The @CharitySoWhite spokesperson points out that the fact it’s taken a number of movements to bring these issues to light shows “just how homogeneous and white” the sector really is.

“So many of us have felt unwelcome or like we don’t fit when entering white, middle-class dominated spaces in the charity sector. So many of us have had to change the ways we behave and present at work to fit in. But still, many white people and leaders across the sector think of our workplaces as welcoming and caring. The truth is that the sector is nice and welcoming but only to people that look like us and fit into the white middle class mould that exists in our organisations.”

The person behind @FlexibleFirst also argues that as these accounts are often driven by personal experience of the issues, people can feel uncomfortable speaking out.

“I’m lucky in that I have a supportive organisation, but have been labelled a ‘troublemaker’ in the past for calling for a more equal charity sector…I have more freedom being anonymous.” As it’s a woman behind the account, she also admits that trolls are another issue. “Tweets about flexible working always attract male, unconstructive trolls.”

Along the same lines, the @CrapRecruitment spokesperson explains that because so many people that work within the sector have a passion for what they do, it can make them defensive, and that can manifest in a lot of ways. If the person behind the account isn’t on firm ground, perhaps job hunting, then it may affect their ability to do that.

It’s not just the trolls online they may have to worry about, but also individuals within the sector. “There is still a lot of old guard within the sector, often pale, male and stale – they especially don’t like to be challenged and wield clout in certain circles,” the spokesperson says. “If you care enough to change to sector, you also probably care about your job so that makes it hard to stick your neck out and call out poor practise in others.”

Ultimately, as @CrapRecruitment says: “Accounts like this also give people who feel like they lack power and influence within the sector a chance to contribute to challenging those who hold power, but in a safe way.”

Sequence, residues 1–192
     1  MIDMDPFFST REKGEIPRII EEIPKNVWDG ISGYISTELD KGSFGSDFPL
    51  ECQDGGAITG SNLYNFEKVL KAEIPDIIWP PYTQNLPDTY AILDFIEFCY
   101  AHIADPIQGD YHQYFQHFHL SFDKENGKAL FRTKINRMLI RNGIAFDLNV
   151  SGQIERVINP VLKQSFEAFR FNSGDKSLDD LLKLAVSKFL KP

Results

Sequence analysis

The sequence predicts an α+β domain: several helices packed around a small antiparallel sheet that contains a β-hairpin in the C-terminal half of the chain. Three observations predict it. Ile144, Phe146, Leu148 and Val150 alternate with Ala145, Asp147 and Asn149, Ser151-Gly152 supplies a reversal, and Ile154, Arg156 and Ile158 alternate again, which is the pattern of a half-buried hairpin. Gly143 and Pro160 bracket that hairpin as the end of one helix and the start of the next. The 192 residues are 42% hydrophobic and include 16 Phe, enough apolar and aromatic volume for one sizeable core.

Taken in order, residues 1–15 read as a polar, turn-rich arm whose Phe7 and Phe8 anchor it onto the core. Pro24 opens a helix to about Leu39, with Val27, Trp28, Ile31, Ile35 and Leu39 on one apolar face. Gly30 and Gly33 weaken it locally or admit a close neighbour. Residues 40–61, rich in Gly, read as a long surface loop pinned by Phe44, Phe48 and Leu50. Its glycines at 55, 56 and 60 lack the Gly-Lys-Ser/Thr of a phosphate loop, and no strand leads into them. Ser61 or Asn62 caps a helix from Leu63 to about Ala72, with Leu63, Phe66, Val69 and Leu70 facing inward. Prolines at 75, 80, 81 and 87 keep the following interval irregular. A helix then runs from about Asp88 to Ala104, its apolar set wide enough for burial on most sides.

A hope for change

But are these accounts for show, or are they actually influencing change? The pandemic necessitated a need for change for flexible working but now is a crucial time, argues @CrapRecruitment. “We are at the point where it feels like old habits may slip back in if we aren’t careful – so that’s why these anonymous accounts are keeping their foot on the gas.” Since its inception, the account has already hit 700 followers.

@CharitySoWhite meanwhile acknowledges that there is lots of work being done at policy level, but the sector isn’t working to challenge its own biases. The account, followed by over 17,000 people, has allowed people to share their experiences of racism working within the sector, and showed them they’re not alone. “Our campaign itself is not important, but the conversation that we started has led to real change across the sector,” they add.

On the majority, these accounts have seen a positive response. @FlexibleRecruitment says hiring managers have been in touch to ask for advice on improving, and like others, it has grown fast. Negative comments have been from “people who are currently traditional leaders who want to keep the status quo.” @CharitySoWhite says that many people have welcomed the conversation, with white people “shocked and in disbelief” at the stories, uncomfortable that it was happening.

“We were able to reach out to a lot of leaders in the sector through this campaign to talk about how racism operates in their organisations and commit to tackling it. However we’d be lying if we said the reaction has all been positive. Some people have criticised us under their breaths and dismissed us for years, and at times those attacks have been directed at us individually.”

So, it looks as though Twitter is having an influence and things are changing – if only because these accounts are forcing charities to air their dirty laundry on a public stage.

As the @CrapRecruitment spokesperson concludes: “As a sector, we can be better, but it takes fresh approaches, self-reflection and listening to others.”